As Engineering Branch Chief for NASA's Advanced Supercomputing Division, Bill Thigpen led the team that built and deployed the 10,240-processor Columbia supercomputer in just 120 days. Listed as one of the world's fastest and most powerful supercomputers, Columbia is just part of the computing resources currently being managed by Mr. Thigpen.
NASA Tech Briefs: As chief of the engineering branch for NASA's Advanced Supercomputing Division, what are your primary responsibilities?
Bill Thigpen: My primary responsibilities are to make sure that the systems are up and running, and that they're being used effectively by the scientists and engineers at NASA.
NTB: One of your most significant achievements to date at NASA has been leading the team that built and deployed the Columbia supercomputer. Tell us about that project and some of the challenges you faced managing it.
Thigpen: Well, the first thing is that it was done in 120 days, which far exceeded any other system of its size as far as deployment time goes. It normally takes several years to put in a system this big. From the time that we gave the order to SGI (Silicon Graphics Inc.) until we were fully operational was 120 days. That was done on an operational floor, so we actually didn't bring the existing systems down until we had enough of Columbia built to actually provide the users with more capability than they had prior to Columbia.
We say 120 days, but the first users actually went on the system in July – the first week of July – so the order went to SGI in the middle of June 2004, and by the first week of July we started putting users on the first nodes of Columbia that came in. Then we built the system as it went across.
As for challenges, there were several. One was keeping the floor operational while we were bringing in that much of a system. The system actually filled our entire floor. We were building this system basically from one side of the computer floor to the other side, and we were taking out all of the existing systems that were there. In one 10-day period we actually got nine 512-processor nodes in. Each of those nodes is more than 3 teraflops, which is more compute capability than a lot of high-end computing centers have. So, the electrical upgrades had to happen, all the networking had to happen, we had plumbing that went into some parts of the floor because of the 20 nodes that went in, 8 of those nodes needed liquid cooling. It was a very intense time.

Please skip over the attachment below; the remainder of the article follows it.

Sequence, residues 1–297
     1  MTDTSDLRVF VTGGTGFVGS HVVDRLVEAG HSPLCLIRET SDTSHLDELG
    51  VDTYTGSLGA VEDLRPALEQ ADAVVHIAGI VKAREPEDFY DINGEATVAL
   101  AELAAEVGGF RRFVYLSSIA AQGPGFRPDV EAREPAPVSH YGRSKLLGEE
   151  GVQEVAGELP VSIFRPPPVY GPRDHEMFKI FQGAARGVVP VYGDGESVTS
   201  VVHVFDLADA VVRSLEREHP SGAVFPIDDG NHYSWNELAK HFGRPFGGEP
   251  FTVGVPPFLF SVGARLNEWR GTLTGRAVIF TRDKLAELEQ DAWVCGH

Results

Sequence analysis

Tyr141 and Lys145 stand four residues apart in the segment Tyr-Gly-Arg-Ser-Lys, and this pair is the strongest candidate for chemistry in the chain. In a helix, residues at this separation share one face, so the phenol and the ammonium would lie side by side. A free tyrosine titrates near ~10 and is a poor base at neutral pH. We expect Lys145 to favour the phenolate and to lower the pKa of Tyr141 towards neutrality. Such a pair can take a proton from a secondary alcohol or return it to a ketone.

Basically, we had a standup meeting every day to make sure that everything was on track and everything was going well.
NTB: What types of projects are typically run on Columbia?
Thigpen: Oh man! It's a high-end computing resource for the agency overall, so all four mission directorates are running on this system. And the mission directorates are all doing different types of work on it.
If you look at the Science Mission Directorate, who is our largest user, they're doing both earth science and space science. In the earth science arena they're looking at things like climate change, ocean modeling, earthquake modeling, any data that the NASA satellites are gathering, the processing of a lot of that information is occurring on this system.
The Exploration Systems Mission Directorate is our second largest user, and they're doing a lot of work in the next-generation spacecraft. The Constellation program and the ARES rockets, they're looking at both the safety and design aspects of these systems, and how we're going to get to the Moon, how we're going to get to Mars.
I didn't talk about the Space Science Division. Space Science is looking at things like solar weather, and there was a lot of work done on colliding black holes on the system. Then, in the aeronautics arena, they're looking at how to make engines quieter, how to fly planes on Mars, and also research into fundamental aeronautics is going on.
And then the Space Operations Mission Directorate does a lot of work on safety for the Space Shuttle.
NTB: Have any significant updates or upgrades been made to the system since it first became operational?
Thigpen: Yes, as a matter of fact, there have. We have increased the system by 40-percent. That was done in two steps. First, the Exploration Systems Mission Directorate (ESMD) needed more processing capability, so they paid for an addition to the system and they get all of that addition. That was 2,048 processors that went in as two 1,024 core nodes.
Then there was also an addition that we did to the system in looking at the next generation of systems for the NAS (NASA Advanced Supercomputing) Division, and that was a 2,048 core node that is now being used by all four mission directorates.
NTB: So how many total processors does the system now have?
Thigpen: The total is over 14,000.
NTB: What are Columbia's current performance characteristics in terms of speed, storage capacity, etc., and how does it compare to some of the world's other top supercomputers?
Thigpen: We just ran a LINPAC benchmark on the system on 23 out of the 24 nodes — we actually didn't run it on all 24 because we didn't want to take the system down long enough to bring the 24th node in — and we got 66.5 teraflops. That places the system — if the numbers held, and they won't hold because there's other new systems that are coming in — 13th in the world as far as speed of the computer. There's over one-and-a-half petabytes of disc storage that's part of the Columbia system.